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Direct Synthetic Control over the Size, Composition, and Photocatalytic Activity of Octahedral Copper Oxide Materials: Correlation between the Surface Structure and Catalytic Functionality

Author(s)

Nicholas M. Bedford, Michelle A. Nguyen, Yang Ren, Robert C. Goodin, Fatima Chagani, Elsayed M. Zahran, Leonidas G. Bachas, Marc Knecht

Abstract

Here, we report a synthetic approach to form octahedral Cu2O microcrystals with a tunable edge length and demonstrate their use as catalysts for the photodegradation of aromatic organic compounds. Varying the ratio and concentrations of Cu2+ and reductant added during the synthesis determines the final morphology and composition of the structures. Octahedral particles were prepared at selected ratios of Cu2+:glucose that demonstrated a range of photocatalytic reactivity. The results indicate that material composition, surface area, and substrate charge effects play important roles in controlling the overall reaction rate. Such results advance the understanding of how size and composition affect the surface interface and catalytic functionality of materials. Additionally, analysis of the post-reacted materials revealed photocorrosion was inhibited and that surface etching had preferentially occurred at the particle edges during the reaction. This surface reconstruction provides new insights into the mechanism of visible light photocatalysis.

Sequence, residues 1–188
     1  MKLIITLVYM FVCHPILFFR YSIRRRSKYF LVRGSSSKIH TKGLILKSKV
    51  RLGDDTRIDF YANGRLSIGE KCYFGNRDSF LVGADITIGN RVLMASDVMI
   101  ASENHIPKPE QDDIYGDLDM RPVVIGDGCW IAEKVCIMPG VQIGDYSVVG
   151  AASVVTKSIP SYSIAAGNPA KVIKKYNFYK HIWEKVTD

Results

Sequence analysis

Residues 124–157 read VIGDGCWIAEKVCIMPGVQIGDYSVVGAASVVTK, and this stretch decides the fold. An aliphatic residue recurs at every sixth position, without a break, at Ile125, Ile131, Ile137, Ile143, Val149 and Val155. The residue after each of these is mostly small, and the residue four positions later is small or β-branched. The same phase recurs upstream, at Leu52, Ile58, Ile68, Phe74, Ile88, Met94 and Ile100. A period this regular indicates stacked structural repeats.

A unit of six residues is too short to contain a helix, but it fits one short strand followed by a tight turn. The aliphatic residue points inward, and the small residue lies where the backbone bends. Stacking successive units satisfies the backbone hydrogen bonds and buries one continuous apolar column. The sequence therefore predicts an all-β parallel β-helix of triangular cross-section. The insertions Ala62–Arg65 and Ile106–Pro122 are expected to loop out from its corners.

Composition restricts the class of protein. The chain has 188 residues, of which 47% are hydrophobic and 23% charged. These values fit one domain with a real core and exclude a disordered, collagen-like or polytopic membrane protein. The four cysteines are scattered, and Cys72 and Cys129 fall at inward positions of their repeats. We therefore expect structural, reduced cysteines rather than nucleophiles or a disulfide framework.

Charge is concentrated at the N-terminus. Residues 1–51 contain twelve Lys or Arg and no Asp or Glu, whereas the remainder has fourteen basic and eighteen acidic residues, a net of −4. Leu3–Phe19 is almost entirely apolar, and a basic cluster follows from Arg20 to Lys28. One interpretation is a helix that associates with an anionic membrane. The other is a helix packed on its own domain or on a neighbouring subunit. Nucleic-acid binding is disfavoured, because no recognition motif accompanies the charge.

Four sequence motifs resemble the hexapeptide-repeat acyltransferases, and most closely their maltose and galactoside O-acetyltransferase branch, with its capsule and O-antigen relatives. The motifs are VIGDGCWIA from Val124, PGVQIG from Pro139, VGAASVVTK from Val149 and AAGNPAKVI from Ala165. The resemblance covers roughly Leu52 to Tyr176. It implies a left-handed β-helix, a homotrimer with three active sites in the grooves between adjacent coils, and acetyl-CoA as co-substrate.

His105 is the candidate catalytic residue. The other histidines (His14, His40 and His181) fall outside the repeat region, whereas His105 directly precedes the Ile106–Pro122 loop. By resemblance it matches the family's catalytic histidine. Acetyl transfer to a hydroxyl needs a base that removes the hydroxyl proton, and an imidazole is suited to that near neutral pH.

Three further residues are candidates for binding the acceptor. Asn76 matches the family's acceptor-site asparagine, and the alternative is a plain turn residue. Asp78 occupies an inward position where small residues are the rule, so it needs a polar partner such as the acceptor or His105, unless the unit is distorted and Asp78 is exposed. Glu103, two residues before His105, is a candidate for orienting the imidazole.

Citation
ACS Applied Materials and Interfaces

Citation

Bedford, N. , Nguyen, M. , Ren, Y. , Goodin, R. , Chagani, F. , Zahran, E. , Bachas, L. and Knecht, M. (1970), Direct Synthetic Control over the Size, Composition, and Photocatalytic Activity of Octahedral Copper Oxide Materials: Correlation between the Surface Structure and Catalytic Functionality, ACS Applied Materials and Interfaces (Accessed April 16, 2024)
Created May 7, 2017, Updated February 19, 2017